Abstract - We propose an online multi-target tracker that exploits both high and low confidence target detections in a Probability Hypothesis Density Particle Filter framework. High-confidence (strong) detections are used for label propagation and target initialization. Low-confidence (weak) detections only support the propagation of labels, i.e. tracking existing targets. Moreover, we perform data association just after the prediction stage thus avoiding the need for computationally expensive labelling procedures such as clustering. Finally, we perform sampling by considering the perspective distortion in the target observations. The proposed tracker runs on average at 12 frames per second. Results show that our method outperforms alternative online trackers on the Multiple Object Tracking 2016 and 2015 benchmark datasets in terms tracking accuracy, false negatives and speed, pdf
  • Detection of fast incoming objects with a moving camera
    F. Poiesi, A. Cavallaro
    British Machine Vision Conference (BMVC), York, UK, Sep 2016 (Oral)
    Abstract - Using a monocular camera for early collision detection in cluttered scenes to elude fast incoming objects is a desirable but challenging functionality for mobile robots, such as small drones. We present a novel moving object detection and avoidance algorithm for an uncalibrated camera that uses only the optical flow to predict collisions. First, we estimate the optical flow and compensate the global camera motion. Then we detect incoming objects while removing the noise caused by dynamic textures, nearby terrain and lens distortion by means of an adaptively learnt background-motion model. Next, we estimate the time to contact, namely the expected time for an incoming object to cross the infinite plane defined by the extension of the image plane. Finally, we combine the time to contact and the compensated motion in a Bayesian framework to identify an object-free region the robot can move towards to avoid the collision. We demonstrate and evaluate the proposed algorithm using footage of flying robots that observe fast incoming objects such as birds, balls and other drones, pdf, website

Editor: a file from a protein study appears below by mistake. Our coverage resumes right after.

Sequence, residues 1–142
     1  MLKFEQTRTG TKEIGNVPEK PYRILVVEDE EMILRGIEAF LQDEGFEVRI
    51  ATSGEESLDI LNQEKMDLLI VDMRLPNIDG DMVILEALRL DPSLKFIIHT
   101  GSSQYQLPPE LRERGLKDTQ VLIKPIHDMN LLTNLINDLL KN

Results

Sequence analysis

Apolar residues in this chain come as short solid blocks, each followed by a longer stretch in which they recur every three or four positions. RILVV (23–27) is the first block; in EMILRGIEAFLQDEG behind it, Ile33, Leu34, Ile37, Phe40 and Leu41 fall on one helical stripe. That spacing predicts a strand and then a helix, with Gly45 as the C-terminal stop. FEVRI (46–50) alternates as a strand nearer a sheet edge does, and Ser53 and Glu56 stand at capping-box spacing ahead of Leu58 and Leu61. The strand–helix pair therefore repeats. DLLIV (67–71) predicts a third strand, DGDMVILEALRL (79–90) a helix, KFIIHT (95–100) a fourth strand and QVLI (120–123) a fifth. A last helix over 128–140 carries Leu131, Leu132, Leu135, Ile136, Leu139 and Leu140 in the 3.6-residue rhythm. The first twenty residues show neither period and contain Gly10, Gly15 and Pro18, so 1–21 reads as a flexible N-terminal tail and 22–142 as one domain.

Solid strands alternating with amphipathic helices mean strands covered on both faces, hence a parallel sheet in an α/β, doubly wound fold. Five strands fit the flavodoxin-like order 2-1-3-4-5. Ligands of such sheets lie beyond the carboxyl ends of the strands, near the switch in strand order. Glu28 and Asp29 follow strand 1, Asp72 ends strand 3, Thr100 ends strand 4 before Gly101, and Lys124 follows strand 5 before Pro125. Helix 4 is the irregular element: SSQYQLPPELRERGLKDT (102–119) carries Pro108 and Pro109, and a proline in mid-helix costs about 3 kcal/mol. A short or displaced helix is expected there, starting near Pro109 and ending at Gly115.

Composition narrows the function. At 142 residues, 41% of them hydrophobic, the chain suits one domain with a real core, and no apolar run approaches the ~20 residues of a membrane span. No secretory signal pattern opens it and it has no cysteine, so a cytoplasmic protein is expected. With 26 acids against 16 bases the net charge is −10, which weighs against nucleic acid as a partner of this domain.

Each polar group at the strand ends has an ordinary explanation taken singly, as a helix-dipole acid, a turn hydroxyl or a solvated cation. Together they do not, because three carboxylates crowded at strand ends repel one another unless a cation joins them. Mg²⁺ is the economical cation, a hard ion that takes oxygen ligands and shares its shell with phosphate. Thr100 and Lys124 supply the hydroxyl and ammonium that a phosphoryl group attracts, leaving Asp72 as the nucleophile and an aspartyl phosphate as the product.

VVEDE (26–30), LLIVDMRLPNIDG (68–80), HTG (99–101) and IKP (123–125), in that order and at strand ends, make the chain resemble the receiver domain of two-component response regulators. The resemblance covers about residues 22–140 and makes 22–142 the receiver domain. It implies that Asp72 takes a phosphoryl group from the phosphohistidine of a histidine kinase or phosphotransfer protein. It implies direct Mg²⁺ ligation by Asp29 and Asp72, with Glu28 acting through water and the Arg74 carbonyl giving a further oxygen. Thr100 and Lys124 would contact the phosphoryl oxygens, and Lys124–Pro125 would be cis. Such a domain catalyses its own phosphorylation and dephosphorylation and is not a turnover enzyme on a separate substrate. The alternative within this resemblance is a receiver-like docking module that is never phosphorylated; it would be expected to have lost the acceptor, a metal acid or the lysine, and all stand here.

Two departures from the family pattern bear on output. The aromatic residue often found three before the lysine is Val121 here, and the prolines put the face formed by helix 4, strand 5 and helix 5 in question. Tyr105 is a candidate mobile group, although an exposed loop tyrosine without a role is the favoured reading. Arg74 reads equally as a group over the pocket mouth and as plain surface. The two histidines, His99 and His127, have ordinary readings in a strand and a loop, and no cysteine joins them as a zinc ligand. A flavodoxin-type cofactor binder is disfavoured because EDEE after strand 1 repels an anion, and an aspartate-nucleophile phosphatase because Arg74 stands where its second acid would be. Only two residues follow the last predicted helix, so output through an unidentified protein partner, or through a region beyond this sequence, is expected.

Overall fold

• Distributed vision-based flying cameras to film a moving target
    F. Poiesi, A. Cavallaro
    IEEE Proc. of Intelligent Robots and Systems (IROS), Hamburg, GE, Sep 2015 (Oral)
    Abstract - Formations of camera-equipped quadrotors (flying cameras) have the actuation agility to track moving targets from multiple viewing angles. In this paper we propose a solution for the infrastructure-free distributed control of multiple flying cameras tracking an object. The proposed approach is a vision-based servoing that can deal with noisy and missing target observations, accounts for the quadrotor oscillations and does not require an external positioning system. The flight direction of each camera is inferred via geometric derivation, and the formation is maintained by employing a distributed algorithm that uses the information of the target position on the camera plane and the position of neighboring flying cameras. Simulations show that the proposed solution allows the tracking of a moving target by the cameras flying in formation also with noisy target detections, and when the target is outside some of fields of view or lost for a few frames, pdf, slides, video
  • Self-positioning of a team of flying smart cameras
    F. Poiesi, A. Cavallaro